Every day, so the demographers tell us, an average of 10,000 baby boomers turn 65. The oldest members of this huge group, born between 1945 and 1965, are now well into their 70s, with the very oldest only a few years away from their 80th birthdays. As these men and women age, more and more of them will be in need of elder care, for themselves, their spouses, or their siblings. What will they find when they start searching for qualified care?
As we recently discovered in reading this thought-provoking article from The Hill, a challenging picture of the future of caregiving in America is emerging, as costs rise and availability of care decreases. Whether the need is for in-home care or institutional care, American families are, as reporter Alejandra O’Connell-Domenech wrote, in for “a rude awakening.” Even those who choose to serve as family caregivers are experiencing a severe financial pinch.
Let’s take a look at a problem which appears to have no societal solution in sight. The only answer, as Rajiv Nagaich explains, is for families to do some comprehensive planning for themselves. More on that in a moment.
Cost of Elder Care Creates a “Rude Awakening”
The rising costs of caregiving for aging family members is going to be a rude awakening for many Americans as the baby boomer generation ages.
In her article for The Hill, O’Connell-Domenech writes, “The price of nursing home care increased by an average of 2.4 percent each year between 2012 and 2019, for a cumulative increase of 20.7 percent, according to data from the health research group Altarum Institute.”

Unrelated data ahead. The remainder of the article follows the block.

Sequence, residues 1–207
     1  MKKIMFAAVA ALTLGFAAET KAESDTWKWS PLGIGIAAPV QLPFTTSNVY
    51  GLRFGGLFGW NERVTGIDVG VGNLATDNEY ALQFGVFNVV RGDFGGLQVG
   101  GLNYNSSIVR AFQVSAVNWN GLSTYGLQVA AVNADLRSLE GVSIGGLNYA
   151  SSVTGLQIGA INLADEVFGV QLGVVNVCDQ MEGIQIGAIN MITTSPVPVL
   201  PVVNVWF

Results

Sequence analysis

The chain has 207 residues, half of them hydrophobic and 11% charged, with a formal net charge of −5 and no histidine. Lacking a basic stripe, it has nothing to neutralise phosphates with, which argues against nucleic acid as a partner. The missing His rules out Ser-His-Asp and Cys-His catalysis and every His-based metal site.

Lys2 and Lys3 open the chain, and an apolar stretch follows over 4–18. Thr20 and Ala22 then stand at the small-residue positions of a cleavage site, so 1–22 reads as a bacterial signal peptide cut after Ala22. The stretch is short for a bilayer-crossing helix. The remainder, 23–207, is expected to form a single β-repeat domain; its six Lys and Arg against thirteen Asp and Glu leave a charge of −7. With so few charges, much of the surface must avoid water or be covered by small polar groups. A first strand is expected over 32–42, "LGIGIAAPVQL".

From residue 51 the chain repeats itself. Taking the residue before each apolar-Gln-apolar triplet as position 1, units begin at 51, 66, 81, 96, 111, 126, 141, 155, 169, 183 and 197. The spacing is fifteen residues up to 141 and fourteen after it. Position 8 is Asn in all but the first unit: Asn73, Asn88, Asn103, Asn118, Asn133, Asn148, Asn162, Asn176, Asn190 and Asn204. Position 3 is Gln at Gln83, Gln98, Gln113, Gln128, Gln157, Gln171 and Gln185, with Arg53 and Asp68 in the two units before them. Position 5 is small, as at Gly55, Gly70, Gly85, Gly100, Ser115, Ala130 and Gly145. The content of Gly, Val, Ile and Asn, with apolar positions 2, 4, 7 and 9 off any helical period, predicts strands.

But more recently, costs have risen even faster. One recent article in Kiplinger said rates rose 2.4 percent in July 2023 alone! Kiplinger called rising care costs “extremely volatile.”
Between personnel costs and the price of adhering to facility regulations, nursing homes, adult day cares, and assisted living facilities are raising their price-tags to stay in the black. But mostly, the increased cost reflects a drastic increase in demand for these facilities.
Familiar Tale as Health Crisis Becomes Overwhelming
O’Connell-Domenech tells us the story of Jean Spera, 67, who has been a full-time caretaker for her husband, John, since his unclear deterioration in health since 2011. “For years,” O’Connell-Domenech writes, “she managed to take care of John in their Holliston, Massachusetts, home without any outside help, even as he became more fragile and confused. But everything changed when John had a seizure in the middle of their kitchen. After a three-day hospital stay, John’s doctors recommended that he go to a rehab center housed in a nursing home.”
Spera says, “I was overwhelmed, I wasn’t able to bring him home because I didn’t know how I was physically going to take care of someone who was twice my size and on our limited income.”
The financial cost was significant. Spera quit her job at a nursing home to care for John shortly after he got sick, and eventually she had to take a part-time job to cover smaller costs, like groceries. She even had to dip into their $235,000 retirement savings to make ends meet. Those funds disappeared quickly, with nothing else coming in.
“It took us 15 years to save that, and it was gone in six,” Spera says. She brought John home after five months in rehab, mainly for financial reasons.